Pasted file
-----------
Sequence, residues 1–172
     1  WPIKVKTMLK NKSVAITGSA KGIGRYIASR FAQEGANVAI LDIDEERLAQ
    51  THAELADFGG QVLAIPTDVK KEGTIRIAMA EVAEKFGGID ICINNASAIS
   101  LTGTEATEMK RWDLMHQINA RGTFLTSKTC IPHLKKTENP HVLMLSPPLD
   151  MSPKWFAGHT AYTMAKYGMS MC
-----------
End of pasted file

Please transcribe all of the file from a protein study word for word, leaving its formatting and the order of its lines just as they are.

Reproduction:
Sequence, residues 1–172
     1  WPIKVKTMLK NKSVAITGSA KGIGRYIASR FAQEGANVAI LDIDEERLAQ
    51  THAELADFGG QVLAIPTDVK KEGTIRIAMA EVAEKFGGID ICINNASAIS
   101  LTGTEATEMK RWDLMHQINA RGTFLTSKTC IPHLKKTENP HVLMLSPPLD
   151  MSPKWFAGHT AYTMAKYGMS MC